Bilingualism does not damage children; it matters!

[by Karen Sykes]

On Friday last at the Area 8 ML Conference, I was delighted to meet an academic heroine of mine, Professor Antonella Sorace (Edinburgh University). It was fascinating and refreshing to hear her debunk common misconceptions on language learning and plead for the dissemination of accurate information on the matter.

She gave an enlightening talk on aspects of the work that she and her colleagues undertake on bilingualism / multilingualism. Their findings indicate proven cognitive benefits for learners (of any age, in fact), and regardless of whether the language(s) is /are simultaneously or consecutively acquired or whether the languages acquired are fluent. She also explained that re-learning an already acquired language is much easier than starting from scratch.

Bilingual children have, no surprise, metalinguistic ability and awareness, which favour the learning of other languages, particularly in terms of acquiring the sound system (letter-sound correspondences in alphabetic scripts), word formation and structures. However, having another language can enhance the learning of the majority language (for our students, English). Findings also suggest that bilingual and multilingual children read more and are able decoders. However, there are no studies which suggest that the earlier the exposure the better, perhaps except where sound acquisition (tone) is concerned.

Research has also shown that bilingual children are predisposed to understand that others have a different perspective, and this is reflected in their behaviour outside the language domain. They are more accepting of a different way of thinking, and this persists into adulthood, where children have begun to learn other languages. The obvious positive benefit of this cognitive advantage is flexibility in thinking. Hearing other languages also encourages learners to acquire positive attitudes to other languages (and those who speak them), and it is important in this regard that the learner be exposed to a variety of different speakers of the language.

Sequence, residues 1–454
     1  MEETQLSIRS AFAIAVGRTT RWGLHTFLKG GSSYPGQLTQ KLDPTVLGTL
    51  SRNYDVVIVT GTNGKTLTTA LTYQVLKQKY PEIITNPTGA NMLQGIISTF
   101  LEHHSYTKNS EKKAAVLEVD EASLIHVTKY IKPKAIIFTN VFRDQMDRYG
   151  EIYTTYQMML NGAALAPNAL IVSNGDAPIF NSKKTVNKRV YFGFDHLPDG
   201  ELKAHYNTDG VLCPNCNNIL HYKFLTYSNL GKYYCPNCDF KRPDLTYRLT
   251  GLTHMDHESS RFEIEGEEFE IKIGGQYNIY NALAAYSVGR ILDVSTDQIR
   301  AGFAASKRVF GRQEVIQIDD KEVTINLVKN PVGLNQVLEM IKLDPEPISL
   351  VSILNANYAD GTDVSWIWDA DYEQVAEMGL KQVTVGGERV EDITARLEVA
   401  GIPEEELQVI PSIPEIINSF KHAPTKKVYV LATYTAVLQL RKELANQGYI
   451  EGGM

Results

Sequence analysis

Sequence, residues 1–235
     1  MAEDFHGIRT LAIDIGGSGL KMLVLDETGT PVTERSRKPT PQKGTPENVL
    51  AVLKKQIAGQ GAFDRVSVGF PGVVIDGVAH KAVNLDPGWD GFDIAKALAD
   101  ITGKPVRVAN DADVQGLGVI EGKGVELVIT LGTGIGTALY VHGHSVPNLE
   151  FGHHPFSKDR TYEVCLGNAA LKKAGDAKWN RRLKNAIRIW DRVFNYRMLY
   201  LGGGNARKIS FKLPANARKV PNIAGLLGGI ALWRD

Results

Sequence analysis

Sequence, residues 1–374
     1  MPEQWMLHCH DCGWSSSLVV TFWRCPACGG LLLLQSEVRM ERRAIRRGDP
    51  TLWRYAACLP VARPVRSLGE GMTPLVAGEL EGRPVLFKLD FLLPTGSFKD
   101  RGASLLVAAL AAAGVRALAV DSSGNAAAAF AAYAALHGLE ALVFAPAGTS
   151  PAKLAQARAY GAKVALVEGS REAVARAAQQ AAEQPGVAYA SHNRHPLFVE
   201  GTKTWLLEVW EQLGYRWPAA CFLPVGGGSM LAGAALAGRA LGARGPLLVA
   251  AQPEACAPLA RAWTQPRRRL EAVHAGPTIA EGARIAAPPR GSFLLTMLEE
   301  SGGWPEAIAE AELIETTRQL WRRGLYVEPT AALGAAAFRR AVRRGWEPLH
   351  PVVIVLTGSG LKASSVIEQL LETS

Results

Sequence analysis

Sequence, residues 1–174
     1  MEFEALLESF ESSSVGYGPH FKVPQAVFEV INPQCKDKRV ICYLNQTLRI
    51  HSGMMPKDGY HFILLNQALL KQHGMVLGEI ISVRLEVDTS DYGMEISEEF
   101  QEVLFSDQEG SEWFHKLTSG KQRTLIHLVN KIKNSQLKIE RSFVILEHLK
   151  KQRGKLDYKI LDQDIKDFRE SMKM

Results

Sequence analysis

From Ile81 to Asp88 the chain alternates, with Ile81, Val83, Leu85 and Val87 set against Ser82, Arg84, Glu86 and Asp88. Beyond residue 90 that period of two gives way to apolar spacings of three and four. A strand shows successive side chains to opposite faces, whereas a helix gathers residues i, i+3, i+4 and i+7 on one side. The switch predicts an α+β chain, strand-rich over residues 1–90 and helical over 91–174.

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In addition, attentional skills have been observed amongst bilinguals/multilinguals. They demonstrate focused attention on tasks, and an ability to switch efficiently between tasks, suggesting an ability to update the mental set quickly. Cognitive flexibility in bilinguals/multilinguals brings with it the skills of adaptation and adjustment.

Professor Sorace pointed out the need to eradicate ‘language snobbery’ and emphasised the case that all languages are good in cognitive terms. If individuals have more than one language (not just a prestige one!), they show ability in inhibiting and controlling the other language(s) when communicating in the other. Studies indicate that bilinguals are better at handling and monitoring conflicting information.

What are the wider implications? Language learning is shown to improve reasoning and problem-solving, transferable to other subjects, such as science and maths. The over-emphasis on languages as a companion subject to other arts or humanities subjects is over-played in education and work.

The benefits of bilingualism/multilingualism for business also cannot be underestimated, as bilinguals/multilinguals demonstrate enhanced negotiation and prioritising skills, leaderships skills, and show a better understanding of others’ points of view, according to research.

As is well reported, the UK has the worst language skills in the EU, hiding behind that old chestnut that ‘everyone speaks English’. The language tax, Professor Sorace reminded us, costs the UK economy an estimated £7.3 billion per year, a loss to the economy of some enormity.


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